So you’ve made travel a financial priority. You follow all the travel budget guides and blogs and you created a travel fund to keep track of your travel savings and expenses. Every pay period you automatically and faithfully save a specific amount of money for upcoming trips. You even stopped buying premium coffee. Maybe you cancelled your gym membership or picked up a part-time gig to bring in some extra cash. Friends…what friends? Yeah, eating out is a thing of the past. Do any of these sound familiar? If so, I commend you. Saving for travel (or saving in general) is a lot of hard work. For most of us who do not have a ton of disposable income, saving for travel requires making sacrifices.
What is Saving Really?
When you save you give up spending money today and in return, you can afford to spend tomorrow.
If you’ve read stories about how people saved money to travel the world, they often talk about changing their lifestyle. In so many words, they are referring to making sacrifices to pursue their travel dreams.
Some people sacrifice their time while others sacrifice their money and financial freedom. In “A Week in Iceland on $100 USD”, Natasha Alden mentions that she waited tables at a restaurant for a year to fund her 8-month trip around Europe. I also know a couple that sold their luxury cars to backpack around Southeast Asia.
Unless you are wealthy, you will likely have to give up something to afford to save for travel. And as a financially savvy traveler, this is a mere fact of life which I’ve come to terms with.
Saving For Travel With Reverse Budgeting
A few months ago a big travel opportunity presented itself.
My significant other (at the time) was relocating to England for a new job. This was my chance to quit my job, get married, become a full-time travel blogger and travel indefinitely. But here’s the thing, with only a few months to plan for such a drastic life change, I didn’t have that kind of money lying around. At the time I was working on paying off my student loan debt and saving for a house and I had very little savings.
Truthfully, I almost gave up on the idea but when there’s a will, there’s a way.
When I thought that I couldn’t possibly save another penny, I started tricking myself into saving more money for travel by what I call, “reverse budgeting”. Through reverse budgeting, I started saving what I did not spend.
To drive this concept home, here are a few examples:
So let’s say, you’re walking by Starbucks (it’s pumpkin spice season) and you’re craving a latte. If you choose against it, immediately pull out your bank app and transfer that $5 into your travel fund or savings account.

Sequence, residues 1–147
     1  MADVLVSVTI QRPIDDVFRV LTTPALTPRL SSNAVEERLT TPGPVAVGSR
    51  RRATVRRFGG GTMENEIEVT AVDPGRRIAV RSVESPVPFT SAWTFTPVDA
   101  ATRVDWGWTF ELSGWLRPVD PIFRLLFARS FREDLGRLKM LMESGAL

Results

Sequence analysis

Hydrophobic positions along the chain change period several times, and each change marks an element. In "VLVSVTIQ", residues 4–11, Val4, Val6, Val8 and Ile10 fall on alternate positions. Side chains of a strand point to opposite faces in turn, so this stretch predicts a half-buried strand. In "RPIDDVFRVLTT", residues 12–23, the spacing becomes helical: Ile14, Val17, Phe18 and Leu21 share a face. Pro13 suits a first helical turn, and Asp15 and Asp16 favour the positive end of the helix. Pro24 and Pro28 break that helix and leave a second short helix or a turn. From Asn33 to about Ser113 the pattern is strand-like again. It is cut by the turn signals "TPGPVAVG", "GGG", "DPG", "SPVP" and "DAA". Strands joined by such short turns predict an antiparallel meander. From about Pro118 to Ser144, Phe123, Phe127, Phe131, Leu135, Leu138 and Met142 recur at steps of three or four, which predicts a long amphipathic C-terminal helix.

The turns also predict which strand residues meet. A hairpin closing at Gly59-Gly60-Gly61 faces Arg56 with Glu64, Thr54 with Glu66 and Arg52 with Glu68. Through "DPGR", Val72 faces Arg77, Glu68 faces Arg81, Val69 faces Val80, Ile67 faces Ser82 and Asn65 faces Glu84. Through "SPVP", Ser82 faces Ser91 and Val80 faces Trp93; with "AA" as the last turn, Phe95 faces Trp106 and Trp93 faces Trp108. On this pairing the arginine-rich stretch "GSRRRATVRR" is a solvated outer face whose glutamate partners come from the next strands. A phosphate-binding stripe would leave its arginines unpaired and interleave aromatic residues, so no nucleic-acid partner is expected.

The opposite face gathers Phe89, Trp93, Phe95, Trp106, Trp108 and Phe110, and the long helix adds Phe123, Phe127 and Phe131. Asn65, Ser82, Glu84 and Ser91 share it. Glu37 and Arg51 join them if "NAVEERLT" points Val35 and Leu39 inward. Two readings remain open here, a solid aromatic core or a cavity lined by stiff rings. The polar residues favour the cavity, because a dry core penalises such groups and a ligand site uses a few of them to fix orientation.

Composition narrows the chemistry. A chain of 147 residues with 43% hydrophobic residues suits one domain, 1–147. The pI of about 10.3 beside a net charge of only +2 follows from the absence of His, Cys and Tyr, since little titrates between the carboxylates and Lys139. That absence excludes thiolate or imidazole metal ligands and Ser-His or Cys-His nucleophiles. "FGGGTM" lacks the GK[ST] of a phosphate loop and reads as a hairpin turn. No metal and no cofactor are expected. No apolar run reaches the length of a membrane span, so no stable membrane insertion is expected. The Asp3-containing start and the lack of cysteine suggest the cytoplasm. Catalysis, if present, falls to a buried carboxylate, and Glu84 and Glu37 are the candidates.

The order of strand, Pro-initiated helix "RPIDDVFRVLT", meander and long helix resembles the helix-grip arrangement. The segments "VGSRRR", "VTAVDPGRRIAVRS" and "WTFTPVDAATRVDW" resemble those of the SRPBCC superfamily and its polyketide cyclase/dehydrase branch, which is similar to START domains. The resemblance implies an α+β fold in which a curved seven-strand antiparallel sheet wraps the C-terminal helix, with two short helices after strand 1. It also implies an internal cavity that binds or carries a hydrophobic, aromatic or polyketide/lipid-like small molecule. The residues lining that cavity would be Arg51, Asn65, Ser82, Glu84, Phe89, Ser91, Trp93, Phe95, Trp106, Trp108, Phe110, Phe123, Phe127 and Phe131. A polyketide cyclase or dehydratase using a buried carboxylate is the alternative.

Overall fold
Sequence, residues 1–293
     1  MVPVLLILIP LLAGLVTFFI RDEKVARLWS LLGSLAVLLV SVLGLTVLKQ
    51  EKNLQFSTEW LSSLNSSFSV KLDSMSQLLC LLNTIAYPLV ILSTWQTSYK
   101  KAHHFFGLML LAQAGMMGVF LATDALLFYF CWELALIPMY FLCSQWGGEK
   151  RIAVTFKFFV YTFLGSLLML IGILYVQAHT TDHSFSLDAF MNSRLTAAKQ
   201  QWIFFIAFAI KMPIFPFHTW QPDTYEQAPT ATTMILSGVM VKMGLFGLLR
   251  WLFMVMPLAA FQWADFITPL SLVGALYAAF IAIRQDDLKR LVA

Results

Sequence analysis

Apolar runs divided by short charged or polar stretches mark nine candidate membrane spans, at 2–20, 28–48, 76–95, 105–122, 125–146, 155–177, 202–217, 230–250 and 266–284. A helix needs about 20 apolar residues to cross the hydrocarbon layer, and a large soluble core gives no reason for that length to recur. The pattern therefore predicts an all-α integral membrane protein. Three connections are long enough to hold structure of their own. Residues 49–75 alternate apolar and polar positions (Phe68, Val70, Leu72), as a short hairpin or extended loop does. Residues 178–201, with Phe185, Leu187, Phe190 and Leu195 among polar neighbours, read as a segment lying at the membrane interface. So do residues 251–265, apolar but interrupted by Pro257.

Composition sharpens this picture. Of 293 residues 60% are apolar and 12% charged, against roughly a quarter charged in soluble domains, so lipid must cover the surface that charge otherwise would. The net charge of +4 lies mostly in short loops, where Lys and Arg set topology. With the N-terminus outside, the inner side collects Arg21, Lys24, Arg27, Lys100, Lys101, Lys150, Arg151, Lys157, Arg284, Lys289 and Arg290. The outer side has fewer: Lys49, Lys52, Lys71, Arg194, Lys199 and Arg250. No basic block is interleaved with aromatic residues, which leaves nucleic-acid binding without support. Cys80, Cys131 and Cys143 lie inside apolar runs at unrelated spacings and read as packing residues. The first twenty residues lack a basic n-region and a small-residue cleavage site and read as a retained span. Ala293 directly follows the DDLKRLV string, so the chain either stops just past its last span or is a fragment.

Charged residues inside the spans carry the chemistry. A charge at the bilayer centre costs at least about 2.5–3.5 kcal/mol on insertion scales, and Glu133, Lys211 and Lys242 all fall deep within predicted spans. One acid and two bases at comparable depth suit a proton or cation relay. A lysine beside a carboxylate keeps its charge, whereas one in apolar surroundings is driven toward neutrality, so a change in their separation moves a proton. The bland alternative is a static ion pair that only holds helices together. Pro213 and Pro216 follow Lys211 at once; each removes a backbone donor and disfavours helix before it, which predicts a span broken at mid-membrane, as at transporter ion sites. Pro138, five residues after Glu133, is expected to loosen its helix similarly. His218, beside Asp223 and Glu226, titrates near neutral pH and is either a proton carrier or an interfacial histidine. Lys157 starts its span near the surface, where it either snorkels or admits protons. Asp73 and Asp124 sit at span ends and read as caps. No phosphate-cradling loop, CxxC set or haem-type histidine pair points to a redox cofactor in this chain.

Did you walk instead of taking the train? That’s savings into your travel fund.
If you saved 10% (or $3.99) with a coupon code, transfer those savings!
This also goes in line with other common frugal practices like ditching cable, canceling magazine subscriptions and cooking at home. But if you’re aren’t tracking these savings, you’ll spend them elsewhere which is what we’re tying to avoid. Transfer those saving immediately to your travel fund.
Reverse Budgeting Mindset
Reverse budgeting requires being conscious and having the financial discipline to immediately transfer money into your travel fund. This isn’t an automatic approach to saving. On the contrary, it’s manual. With reverse budgeting, you’ll have to manually transfer funds to your savings account.
Even though reverse budgeting is a tedious task, it’s worth the inconvenience because you’ll discover that you can afford to save a little more money by tracking those unspent funds.
How I do it: Every time I reverse budget, I include “reverse budgeting” in the transaction description. Then at the end of the month I search by the reverse budget tag and add up all the transactions to see how much I saved.
Reverse Budgeting in Action
Last month, I saved an extra $232 towards travel by reverse budgeting. This is in addition to my automatic travel savings! I would have never noticed these unspent funds if I did not put it away immediately.
So now I’m a lot closer to pursuing my big trip. And I don’t mind the savings trickery because hey, it’s getting the job done.
Danielle is a travel finance strategist, writer, speaker and podcaster. She paid off $63,000 of student loan debt in 4 years, bought a house at 27 and has traveled to 26 countries. She refuses to let her financial responsibilities hold her back from living life on her own terms.